An effective coach can introduce, train, and motivate a client committed to development to use a 24/7 AI tool specific to personal and professional development and effectiveness. It survives the 1:1 relationship and eliminates much of the “now what?” after formal coaching ends.
AI doesn’t replace an effective coach. AI extends the available resources and keeps the door open for re-engagement with a coach.
TalentTelligent’s Career Architect©
Consider our AI-driven Career Architect©. It contains everything you would ever have to know to be able to grow and flourish in your career. Included are 5000+ development tips and strategies and over 5,000,000 words of supporting development content.
Without an AI assistant, you’d be hard-pressed to sort through the development literature to find exactly what you need to develop and how, the skills gaps to close, the attributional needs, the right roles or assignments to seek out, how to manage, lead and develop others effectively, what internships to seek, what kinds of organizations to work for, and on and on. The curated information is science-based, experience-tested, and practitioner-verified.
The Career Architect© will respond expertly to specific orientations such as those related to personality, EQ, teaming, level-specific responsibilities and behavioral practices, and most every organizational/competency model, assessment tool, or development model. It’s quite remarkable if we may say so. Even we have been surprised by its power, capability, and spot-on responses.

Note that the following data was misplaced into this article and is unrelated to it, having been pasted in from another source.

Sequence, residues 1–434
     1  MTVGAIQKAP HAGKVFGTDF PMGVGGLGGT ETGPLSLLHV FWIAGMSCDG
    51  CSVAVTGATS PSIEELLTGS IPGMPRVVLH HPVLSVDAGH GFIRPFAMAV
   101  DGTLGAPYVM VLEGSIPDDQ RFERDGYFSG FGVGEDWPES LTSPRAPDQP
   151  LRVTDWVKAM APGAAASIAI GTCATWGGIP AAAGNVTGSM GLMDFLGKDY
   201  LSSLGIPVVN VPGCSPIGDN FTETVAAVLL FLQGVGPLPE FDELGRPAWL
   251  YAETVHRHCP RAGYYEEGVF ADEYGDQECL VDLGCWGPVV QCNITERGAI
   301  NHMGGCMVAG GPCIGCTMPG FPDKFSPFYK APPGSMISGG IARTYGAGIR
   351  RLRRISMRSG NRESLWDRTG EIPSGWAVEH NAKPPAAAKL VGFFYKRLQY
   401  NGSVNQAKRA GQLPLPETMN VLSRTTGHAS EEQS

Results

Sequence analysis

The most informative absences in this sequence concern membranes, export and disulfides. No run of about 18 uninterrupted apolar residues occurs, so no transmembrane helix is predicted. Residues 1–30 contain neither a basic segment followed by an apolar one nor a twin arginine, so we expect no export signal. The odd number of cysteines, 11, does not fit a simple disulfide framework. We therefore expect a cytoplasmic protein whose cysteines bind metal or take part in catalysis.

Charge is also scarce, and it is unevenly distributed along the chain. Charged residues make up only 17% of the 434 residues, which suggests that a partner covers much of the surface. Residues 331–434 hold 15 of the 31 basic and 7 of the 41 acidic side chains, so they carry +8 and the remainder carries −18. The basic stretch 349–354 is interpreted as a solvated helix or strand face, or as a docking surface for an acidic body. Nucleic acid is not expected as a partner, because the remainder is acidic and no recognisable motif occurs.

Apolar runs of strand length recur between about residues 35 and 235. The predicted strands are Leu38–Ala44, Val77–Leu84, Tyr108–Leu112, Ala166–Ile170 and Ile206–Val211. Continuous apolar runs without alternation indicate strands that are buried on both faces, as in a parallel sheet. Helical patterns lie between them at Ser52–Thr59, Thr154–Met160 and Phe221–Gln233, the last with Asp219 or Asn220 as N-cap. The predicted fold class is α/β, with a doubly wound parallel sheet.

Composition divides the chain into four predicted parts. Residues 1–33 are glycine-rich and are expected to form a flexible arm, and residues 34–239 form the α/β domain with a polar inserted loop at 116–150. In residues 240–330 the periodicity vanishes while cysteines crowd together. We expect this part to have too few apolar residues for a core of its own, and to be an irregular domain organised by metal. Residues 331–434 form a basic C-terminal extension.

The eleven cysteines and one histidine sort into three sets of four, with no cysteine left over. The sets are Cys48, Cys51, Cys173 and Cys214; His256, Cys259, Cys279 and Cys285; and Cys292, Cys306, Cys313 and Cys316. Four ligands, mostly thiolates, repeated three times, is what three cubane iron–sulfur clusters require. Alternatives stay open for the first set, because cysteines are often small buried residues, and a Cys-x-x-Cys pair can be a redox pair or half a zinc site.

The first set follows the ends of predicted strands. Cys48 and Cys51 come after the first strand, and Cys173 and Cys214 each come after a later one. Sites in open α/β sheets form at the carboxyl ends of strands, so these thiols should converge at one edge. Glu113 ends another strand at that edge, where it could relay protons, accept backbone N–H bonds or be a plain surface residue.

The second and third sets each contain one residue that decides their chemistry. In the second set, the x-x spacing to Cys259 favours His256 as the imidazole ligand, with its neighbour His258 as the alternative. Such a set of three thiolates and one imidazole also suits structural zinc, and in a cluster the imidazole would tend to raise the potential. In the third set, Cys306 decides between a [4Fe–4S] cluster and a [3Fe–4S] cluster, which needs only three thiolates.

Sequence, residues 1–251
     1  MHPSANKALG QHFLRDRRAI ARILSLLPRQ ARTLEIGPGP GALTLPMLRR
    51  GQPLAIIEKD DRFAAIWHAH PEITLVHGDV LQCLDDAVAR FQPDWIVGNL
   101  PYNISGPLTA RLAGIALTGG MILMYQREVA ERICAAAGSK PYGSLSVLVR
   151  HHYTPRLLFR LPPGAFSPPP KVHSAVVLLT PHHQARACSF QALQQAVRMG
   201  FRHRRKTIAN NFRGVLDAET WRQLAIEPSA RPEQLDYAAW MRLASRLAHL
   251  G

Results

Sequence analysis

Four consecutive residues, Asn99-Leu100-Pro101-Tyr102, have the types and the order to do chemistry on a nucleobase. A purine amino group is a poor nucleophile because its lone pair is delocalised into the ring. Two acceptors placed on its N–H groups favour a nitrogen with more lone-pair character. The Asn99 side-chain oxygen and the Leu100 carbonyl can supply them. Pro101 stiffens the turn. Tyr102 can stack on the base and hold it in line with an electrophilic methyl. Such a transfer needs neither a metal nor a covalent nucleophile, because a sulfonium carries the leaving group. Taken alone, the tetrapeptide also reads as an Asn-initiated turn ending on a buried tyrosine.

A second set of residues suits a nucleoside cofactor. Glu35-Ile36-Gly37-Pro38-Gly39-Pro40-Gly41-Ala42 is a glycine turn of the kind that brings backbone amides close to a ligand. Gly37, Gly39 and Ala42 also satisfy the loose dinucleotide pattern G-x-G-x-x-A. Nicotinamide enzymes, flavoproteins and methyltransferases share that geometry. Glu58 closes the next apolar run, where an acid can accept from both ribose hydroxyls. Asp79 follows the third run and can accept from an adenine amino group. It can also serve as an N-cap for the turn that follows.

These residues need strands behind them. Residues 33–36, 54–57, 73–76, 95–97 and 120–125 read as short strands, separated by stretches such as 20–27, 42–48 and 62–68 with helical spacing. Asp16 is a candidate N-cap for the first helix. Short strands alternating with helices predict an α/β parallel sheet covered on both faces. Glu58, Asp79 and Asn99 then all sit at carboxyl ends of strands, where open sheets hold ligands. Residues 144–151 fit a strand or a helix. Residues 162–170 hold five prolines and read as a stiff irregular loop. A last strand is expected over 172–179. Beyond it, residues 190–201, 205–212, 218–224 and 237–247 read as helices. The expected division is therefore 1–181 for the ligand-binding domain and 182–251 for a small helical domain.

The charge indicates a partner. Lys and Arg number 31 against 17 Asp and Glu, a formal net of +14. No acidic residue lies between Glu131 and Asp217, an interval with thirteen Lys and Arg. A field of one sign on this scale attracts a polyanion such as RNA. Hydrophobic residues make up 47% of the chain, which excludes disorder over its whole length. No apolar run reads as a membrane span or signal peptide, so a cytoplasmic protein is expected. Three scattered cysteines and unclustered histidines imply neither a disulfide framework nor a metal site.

The Career Architect© is built in a “closed” AI environment meaning that all the available resources are curated by the authors from their 45+ years of talent management industry leadership, research, publishing, and practice. It eliminates any possibility that “hallucinations” are returned from any query (you’ve heard about these—the puzzling, unrelated, or plain erroneous responses common within open AI environments).
The Coach gets the credit for being able to focus on what matters most for development, in any context. They get credit for extending a resource as versatile and relevant as the Career Architect©.
Coach First, AI Second
While AI can provide valuable enhancement, it’s essential to recognize that human coaching remains crucial. Coaches provide the focus and direction of the development effort, trust building, an understanding of complex emotions, the ability to address individual circumstances, and accountability in the engagement. An approach that combines AI-driven insights with human coaching expertise is likely to be the most effective in developing well-rounded and successful professionals.
And the resources will only get better, faster, and smarter...as soon as tomorrow.